While I was energized by the fact the movie was born from an original script and not an established property or novel, The Accountant finds some trouble when it comes time to sum itself up, falling prey to curse of one too many endings.  You’ll be half out of your seat in anticipation of the credits rolling until O’Connor adds in another unnecessary establishing shot of something we already understand.  All nitpicks aside, for the fall movie-going season The Accountant represents entertainment at its most cozy and I engaged with it more than I thought I would.  It’s not going to rock your world but it’s a nice way to spend a few hours of your time.  It’s not even tax season yet, but take some time to audit The Accountant.

Movie Review ~ Sicario

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The Facts:

Synopsis: An idealistic FBI agent is enlisted by an elected government task force to aid in the escalating war against drugs at the border area between the U.S. and Mexico.

Stars: Emily Blunt, Benicio Del Toro, Josh Brolin, Daniel Kaluuya, Victor Garber, Jon Bernthal, Jeffrey Donovan

Director: Denis Villeneuve

Rated: R

Running Length: 121 minutes

Trailer Review: Here

TMMM Score: (9/10)

Review: I can’t tell you how much fun it is to watch a movie by a filmmaker that knows how to turn the screws on an unsuspecting audience. There are moments in Sicario where Denis Villeneuve seems to be taking an almost perverse delight in extending the suspense until it becomes almost unbearable…making for refreshing and exhilarating viewing.

The Quebec born filmmaker made a splash in 2010 with the Oscar nominated drama Incendies, before turning in two very different releases in 2013.  First up was the haunting (and unjustly Oscar ignored) Prisoners, a showcase not only for Villeneuve’s flair for suspense and cinematographer Roger Deakins brilliant cinematography but for Hugh Jackman and Jake Gyllenhaal’s towering lead performances.  Made before Prisoners but released after was another collaboration with Gyllenhaal, Enemy, and while it was fairly inaccessible and barely made a blip on the art-house circuit it once again demonstrated that Villeneuve knew exactly what he was doing.

Villeneuve and Deakins are matched again in Sicario (the Spanish word for hitman) and it’s yet another cinematic trophy both men can add to their growing wall of accolades.  A harrowing and terrifying look into the war on drugs, the movie pulls no punches and leaves no dark corner unexplored.

The plot of Sicario is so complex and labyrinthine that the full attention of the audience is pretty much required to keep up with Taylor Sheridan’s serpentine script, a lean and mean story that doesn’t have an ounce of excess fat on it.  You’re advised to note everything that’s said because even the smallest detail could play a factor into what will transpire when an FBI agent gets involved with a covert operation involving drug kingpins and Mexican cartels.

I’m of the mindset that every movie needs more Emily Blunt in it.  Often I’ll be watching a film and just wonder what Blunt would have done with various female (or male) roles that may not be quite up to snuff.  Easily transitioning from comedic second-fiddle (The Five-Year Engagement) to action second-fiddle (Looper) to dramatic lead (Salmon Fishing in the Yemen) before the 2014 one-two punch of Edge of Tomorrow and Into the Woods, with Sicario Blunt may just have the best performance (and first Oscar nomination) of her burgeoning career.  As principled FBI agent Kate Macer, Blunt has to show a lot of different colors throughout the film and she does so with believable skill.  When she’s offered a chance to volunteer for an undisclosed purpose on a government task force, she sees it as an opportunity for advancement and as a way to help right the wrongs she sees on a daily basis.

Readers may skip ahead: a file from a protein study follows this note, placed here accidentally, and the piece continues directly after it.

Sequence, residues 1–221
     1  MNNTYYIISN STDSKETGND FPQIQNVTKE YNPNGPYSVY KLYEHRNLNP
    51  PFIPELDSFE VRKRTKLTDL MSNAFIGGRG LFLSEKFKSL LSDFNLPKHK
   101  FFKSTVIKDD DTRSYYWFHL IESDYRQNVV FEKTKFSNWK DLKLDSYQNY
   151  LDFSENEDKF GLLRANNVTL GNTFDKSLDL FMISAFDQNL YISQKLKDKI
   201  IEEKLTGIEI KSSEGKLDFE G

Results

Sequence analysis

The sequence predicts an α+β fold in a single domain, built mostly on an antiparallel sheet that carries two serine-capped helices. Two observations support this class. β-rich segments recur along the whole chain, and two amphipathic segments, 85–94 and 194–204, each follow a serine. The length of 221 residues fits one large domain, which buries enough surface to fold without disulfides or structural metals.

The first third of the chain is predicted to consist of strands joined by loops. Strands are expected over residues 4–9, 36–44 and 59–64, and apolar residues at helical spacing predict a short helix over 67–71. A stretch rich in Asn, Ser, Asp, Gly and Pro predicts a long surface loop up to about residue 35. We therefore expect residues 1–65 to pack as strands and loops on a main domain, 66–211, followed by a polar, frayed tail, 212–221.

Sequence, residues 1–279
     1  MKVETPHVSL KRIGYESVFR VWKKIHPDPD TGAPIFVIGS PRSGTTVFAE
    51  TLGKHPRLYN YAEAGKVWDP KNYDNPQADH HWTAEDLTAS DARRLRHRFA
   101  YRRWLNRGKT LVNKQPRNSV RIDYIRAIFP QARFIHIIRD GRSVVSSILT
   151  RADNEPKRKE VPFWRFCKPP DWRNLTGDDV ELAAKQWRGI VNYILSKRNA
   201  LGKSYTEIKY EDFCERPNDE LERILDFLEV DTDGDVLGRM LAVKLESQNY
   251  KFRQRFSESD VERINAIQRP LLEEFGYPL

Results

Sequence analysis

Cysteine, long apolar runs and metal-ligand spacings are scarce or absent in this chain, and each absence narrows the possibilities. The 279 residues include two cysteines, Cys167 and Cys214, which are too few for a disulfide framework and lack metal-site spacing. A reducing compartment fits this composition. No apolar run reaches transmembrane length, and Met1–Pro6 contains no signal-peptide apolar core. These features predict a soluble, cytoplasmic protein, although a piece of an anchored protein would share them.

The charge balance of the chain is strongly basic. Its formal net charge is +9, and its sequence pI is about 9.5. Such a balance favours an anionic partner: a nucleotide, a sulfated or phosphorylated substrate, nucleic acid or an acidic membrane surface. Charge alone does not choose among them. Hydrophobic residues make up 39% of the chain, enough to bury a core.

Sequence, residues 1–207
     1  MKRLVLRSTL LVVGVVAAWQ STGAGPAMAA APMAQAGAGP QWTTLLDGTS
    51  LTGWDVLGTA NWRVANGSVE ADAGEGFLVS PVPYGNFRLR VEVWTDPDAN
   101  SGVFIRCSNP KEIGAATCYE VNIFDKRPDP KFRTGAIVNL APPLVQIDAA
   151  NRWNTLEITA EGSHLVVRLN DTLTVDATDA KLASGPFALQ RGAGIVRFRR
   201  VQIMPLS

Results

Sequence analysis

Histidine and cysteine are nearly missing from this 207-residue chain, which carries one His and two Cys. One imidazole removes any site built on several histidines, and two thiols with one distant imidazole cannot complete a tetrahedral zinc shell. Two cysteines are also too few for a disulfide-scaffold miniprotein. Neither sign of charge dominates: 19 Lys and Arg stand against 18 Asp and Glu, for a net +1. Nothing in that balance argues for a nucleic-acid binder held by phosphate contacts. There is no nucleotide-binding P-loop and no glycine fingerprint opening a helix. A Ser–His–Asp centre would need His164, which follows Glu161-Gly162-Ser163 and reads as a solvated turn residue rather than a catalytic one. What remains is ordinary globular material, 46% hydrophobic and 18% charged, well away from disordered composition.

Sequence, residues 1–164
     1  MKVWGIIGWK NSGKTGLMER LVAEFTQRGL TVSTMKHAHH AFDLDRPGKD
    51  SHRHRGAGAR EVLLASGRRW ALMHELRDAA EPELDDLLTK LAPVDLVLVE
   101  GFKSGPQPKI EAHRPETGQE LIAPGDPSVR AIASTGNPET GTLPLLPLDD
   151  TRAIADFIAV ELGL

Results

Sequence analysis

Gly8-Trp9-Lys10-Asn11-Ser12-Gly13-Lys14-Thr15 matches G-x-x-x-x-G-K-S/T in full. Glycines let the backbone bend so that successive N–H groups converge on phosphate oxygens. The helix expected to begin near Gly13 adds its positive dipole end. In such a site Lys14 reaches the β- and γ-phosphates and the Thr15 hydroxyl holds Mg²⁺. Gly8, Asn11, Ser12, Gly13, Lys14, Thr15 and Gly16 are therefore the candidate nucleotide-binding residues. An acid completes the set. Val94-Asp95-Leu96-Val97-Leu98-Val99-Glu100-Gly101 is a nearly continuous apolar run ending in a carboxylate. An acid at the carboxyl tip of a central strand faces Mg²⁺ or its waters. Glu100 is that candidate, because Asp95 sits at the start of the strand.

Lead into uncertain darkness by CIA agent Matt (Josh Brolin, Oldboy, seemingly getting most of his performance from an ever-present wad of gum), Kate finds herself traveling between Mexico and the U.S. for several nail-biting missions that blur the line between the good guys and the bad guys.  It isn’t long before she’s in over her head, but her pride keeps her treading water even while the sharks start to circle her.

One of those sharks may be Alejandro (Benicio Del Toro, Guardians of the Galaxy, in his best role since his Oscar win for Traffic), even though he’s supposedly on her side.  His motives for tagging along seem unclear and the movie never gets so far ahead of the audience that we know the answer before Kate does.  Even Kate’s partner Reggie (Daniel Kaluuya, Kick-Ass 2) has loyalty issues that are tested along the way, putting Kate on an island by herself where only she is responsible for her survival.

Sicario feels very timely, very now and its situations are ripped from the very real headlines of the war on drugs that rages on along the U.S. border.  A nerve-shredding trip to Juárez, MX finds bodies hanging from highway overpasses as both the marking of certain territory and as a warning for all who dare enter…it’s a city of horrors that are grounded in a frightening reality.